It was going to change everything about the way the university did overseas extension work.
It was going to triple funding for needy research projects.
It was going to be an innovative breakthrough in alumni fundraising.
These are some of the phrases used to describe a big idea to crowdsource funding for some university work in the developing world.
But in the end, it turned out to be none of those things. The project flopped, and everything associated with it took a dive.
As it turns out, virtually no resources were allocated to the execution of the idea. The project had been announced by the dean of a college, bragged about by the university president, held up as an example of innovation by the provost, and no fewer than three vice presidents and associate vice presidents took credit for the idea.
How big was the actual team? One half-time IT employee. This poor guy was tasked with setting up the website, managing the technical backend, creating marketing content, and even setting up a booth at the occasional involvement fair.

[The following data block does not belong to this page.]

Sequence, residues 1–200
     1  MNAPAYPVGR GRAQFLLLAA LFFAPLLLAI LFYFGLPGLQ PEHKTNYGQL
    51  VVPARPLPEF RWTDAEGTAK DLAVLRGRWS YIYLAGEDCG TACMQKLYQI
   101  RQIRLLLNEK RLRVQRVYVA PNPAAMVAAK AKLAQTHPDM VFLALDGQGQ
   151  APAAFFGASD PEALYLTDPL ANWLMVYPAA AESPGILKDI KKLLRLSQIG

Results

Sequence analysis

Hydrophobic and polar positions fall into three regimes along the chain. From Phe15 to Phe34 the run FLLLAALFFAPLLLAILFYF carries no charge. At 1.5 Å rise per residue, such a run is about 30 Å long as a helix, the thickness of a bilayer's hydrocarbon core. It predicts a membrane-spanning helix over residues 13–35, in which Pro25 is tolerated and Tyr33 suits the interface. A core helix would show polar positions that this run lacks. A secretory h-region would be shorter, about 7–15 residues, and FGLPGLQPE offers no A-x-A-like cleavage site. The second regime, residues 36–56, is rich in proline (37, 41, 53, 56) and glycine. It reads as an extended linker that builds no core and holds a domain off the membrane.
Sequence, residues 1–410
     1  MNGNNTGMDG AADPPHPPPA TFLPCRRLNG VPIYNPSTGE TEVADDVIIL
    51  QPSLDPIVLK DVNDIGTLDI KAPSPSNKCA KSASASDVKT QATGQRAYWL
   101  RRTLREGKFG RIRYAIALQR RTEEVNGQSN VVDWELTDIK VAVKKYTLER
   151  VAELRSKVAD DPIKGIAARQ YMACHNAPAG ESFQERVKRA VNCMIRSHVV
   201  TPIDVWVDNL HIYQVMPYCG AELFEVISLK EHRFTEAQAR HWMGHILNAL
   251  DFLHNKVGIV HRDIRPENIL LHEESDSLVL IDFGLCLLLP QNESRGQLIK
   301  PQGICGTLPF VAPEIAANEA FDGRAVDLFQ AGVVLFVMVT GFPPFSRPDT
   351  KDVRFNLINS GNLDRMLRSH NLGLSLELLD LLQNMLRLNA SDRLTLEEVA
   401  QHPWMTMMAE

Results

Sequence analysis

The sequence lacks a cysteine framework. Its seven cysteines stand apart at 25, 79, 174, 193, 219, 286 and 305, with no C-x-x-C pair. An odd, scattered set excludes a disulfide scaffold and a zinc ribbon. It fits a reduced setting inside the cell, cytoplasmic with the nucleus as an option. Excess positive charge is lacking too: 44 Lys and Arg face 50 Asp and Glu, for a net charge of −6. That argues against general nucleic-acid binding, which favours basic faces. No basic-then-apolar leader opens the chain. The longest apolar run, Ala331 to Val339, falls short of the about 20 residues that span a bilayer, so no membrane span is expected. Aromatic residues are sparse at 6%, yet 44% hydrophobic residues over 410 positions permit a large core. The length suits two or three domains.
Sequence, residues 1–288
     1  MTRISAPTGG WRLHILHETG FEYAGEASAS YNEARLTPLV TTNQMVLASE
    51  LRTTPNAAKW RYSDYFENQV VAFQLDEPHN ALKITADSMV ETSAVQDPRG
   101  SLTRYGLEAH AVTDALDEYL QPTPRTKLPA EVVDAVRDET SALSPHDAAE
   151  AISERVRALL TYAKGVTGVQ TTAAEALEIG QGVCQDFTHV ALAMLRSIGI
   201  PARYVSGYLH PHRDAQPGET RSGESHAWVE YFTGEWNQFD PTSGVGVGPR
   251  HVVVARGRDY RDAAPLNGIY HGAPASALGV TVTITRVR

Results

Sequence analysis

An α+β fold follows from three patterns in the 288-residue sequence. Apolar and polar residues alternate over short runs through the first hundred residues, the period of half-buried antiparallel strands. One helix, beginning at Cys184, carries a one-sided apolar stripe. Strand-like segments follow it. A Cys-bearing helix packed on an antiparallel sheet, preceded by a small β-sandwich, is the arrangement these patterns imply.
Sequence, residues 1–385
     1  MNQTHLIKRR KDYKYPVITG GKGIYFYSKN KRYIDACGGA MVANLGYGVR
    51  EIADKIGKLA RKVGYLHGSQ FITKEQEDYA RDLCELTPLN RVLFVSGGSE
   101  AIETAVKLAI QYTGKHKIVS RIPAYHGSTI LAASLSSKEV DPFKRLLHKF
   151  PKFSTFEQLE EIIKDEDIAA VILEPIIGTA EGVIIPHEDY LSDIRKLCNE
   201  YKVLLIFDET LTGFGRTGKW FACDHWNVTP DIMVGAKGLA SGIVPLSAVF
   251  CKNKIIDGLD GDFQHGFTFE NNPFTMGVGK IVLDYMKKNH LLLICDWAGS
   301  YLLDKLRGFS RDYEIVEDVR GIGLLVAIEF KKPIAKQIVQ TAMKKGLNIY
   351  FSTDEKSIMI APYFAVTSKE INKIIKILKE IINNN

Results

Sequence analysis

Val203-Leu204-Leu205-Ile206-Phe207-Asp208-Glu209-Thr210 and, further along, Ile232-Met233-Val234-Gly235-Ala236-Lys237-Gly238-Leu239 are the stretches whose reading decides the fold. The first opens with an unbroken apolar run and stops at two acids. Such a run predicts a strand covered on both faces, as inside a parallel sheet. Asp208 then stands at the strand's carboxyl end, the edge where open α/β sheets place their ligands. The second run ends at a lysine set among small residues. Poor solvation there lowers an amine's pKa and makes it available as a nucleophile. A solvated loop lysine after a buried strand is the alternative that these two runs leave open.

Or put another way: everyone was in the charge, but hardly anyone showed up for work.
Sure, everything starts with an idea. But talk is cheap. The team that implements the idea is far more important than the originator the idea. Chances are the idea isn’t even unique! Plenty of people may be thinking of working on the exact thing you are thinking of right now. But the institution we will be talking about five years from now won’t be the one that had the original idea. It will be the one that executed it right.
Have a great idea that needs great execution? We would love to talk to you. We take great ideas from great institutions and turn them into tangible materials that WORK.